Another Quick Tip: Most traditional individual class desks are roughly half a square meter. Placing two desks in-between students is a quick way to get the right amount of distance. 

Opportunity 2: Board Games in the time of Social Distancing 

Board game activities can be used to develop or reinforce the following productive skills:

Young Learner LOs




Can copy some short familiar words presented in standard printed form.  Writing 10 <A1 (10-21)
Can use cardinal numbers up to ten.  Speaking 10 <A1 (10-21)
Can repeat phrases and short sentences, if spoken slowly and clearly.  Speaking 16 <A1 (10-21)
Can give a simple evaluation, using a fixed expression (e.g. ‘Yes/No’, ‘Good/Bad’).  Speaking 17 <A1 (10-21)

Adult | Academic | Professional LOs

Can relay (in Language B) very basic information (e.g. numbers and prices) from short, simple, illustrated texts (in Language A).  Speaking 10 <A1 (10-21)
Can use a few simple words to describe objects (e.g. colour, number), if supported by pictures.  Speaking 18 <A1 (10-21)
Can write a few basic sentences introducing themselves (e.g. name, age, where they are from), given prompts or a model.  Writing 24 A1 (22-29)
Can write short, simple descriptions of people’s physical appearance using basic connectors, given prompts or a model.  Writing 36 A2+ (36-42)

Things to keep in mind

Students love games and games offer the teacher opportunities to drill language for improved internalization, without being boring. However, it’s clearly a bad idea to use any material that requires students to huddle closely together, pass around cards, exchange pieces, or other activities that break social distancing best practice. 

Consider the following options for board game activities. They will let your students have fun, while keeping them properly distanced at the same time. 

  • Take a picture or make a photocopy of the board game. If the game uses cards, follow the tips in the Opportunity 1 section. 
  • Place the board game on the floor in the middle of a group of learner desks and move the pieces for the students. 
  • Have students use paper copies at their desk.
  • Use coins instead of dice, or have learners make their own custom paper dice that they can use again or recycle 
  • Bonus, if students share boards through a classroom learning system, you can project the boards from different teams on the monitor so peers from different groups can compete against each other.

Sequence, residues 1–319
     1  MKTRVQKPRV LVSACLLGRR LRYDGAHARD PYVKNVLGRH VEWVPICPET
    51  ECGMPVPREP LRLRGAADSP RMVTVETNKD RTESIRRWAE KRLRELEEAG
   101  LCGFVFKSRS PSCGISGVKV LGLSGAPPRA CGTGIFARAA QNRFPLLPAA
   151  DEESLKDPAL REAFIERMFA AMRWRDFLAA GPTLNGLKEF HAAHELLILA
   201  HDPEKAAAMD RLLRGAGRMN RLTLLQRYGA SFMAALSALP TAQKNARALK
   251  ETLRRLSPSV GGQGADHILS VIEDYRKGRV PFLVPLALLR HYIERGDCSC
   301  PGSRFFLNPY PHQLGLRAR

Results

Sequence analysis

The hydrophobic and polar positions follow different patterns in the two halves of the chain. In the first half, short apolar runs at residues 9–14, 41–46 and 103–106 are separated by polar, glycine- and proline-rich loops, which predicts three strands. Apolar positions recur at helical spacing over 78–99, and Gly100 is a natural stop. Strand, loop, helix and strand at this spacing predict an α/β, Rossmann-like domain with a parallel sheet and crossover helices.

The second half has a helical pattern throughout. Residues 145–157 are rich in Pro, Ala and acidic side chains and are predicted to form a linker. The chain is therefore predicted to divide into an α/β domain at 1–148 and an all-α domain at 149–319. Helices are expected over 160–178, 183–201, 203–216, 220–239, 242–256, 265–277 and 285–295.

Quick Tip: Students can use pieces of paper for board markers, or personal paper clips, erasers, etc. Materials they already have, and don’t need to share or receive from the teacher.

Activities in action

You’ll notice the objectives in both these activities are at a fairly low level. That is fantastic, as it means we can build in a lot of various complicated grammar and vocabulary learning, but reduce the complexity of the speaking skills required. In turn, this helps your students make progress faster and use new language more quickly and efficiently. 

For example, I could practice the following grammar with my young learners using the card game approach: 

Can use ‘all of’, ‘none of’, and ‘most of’ to describe subsets and proportions of groups of people and things.  Determiner |  Quantifiers 44 B1 (43-50)

That’s pretty complex grammar for young learners. However, it’s easy to practice in a card game.  You’ll simply need cards with pictures of groups of things: 

One student holds up the card, and the student who is standing six feet away, or looking at the card online, creates a sentence using all of, none of, or most of, with the picture on the card. 

For example “Most of the people are wearing hats.”

That demonstrates use of complex grammar combined with easy production skills.

Looking forward to new classroom opportunities

Preparing to return to the classroom will be an interesting experience for all of us. I for one, am very much looking forward to the opportunities we will have to be creative in supporting our learners as we manage our changing world. 

For more support check out our Back to School resources page.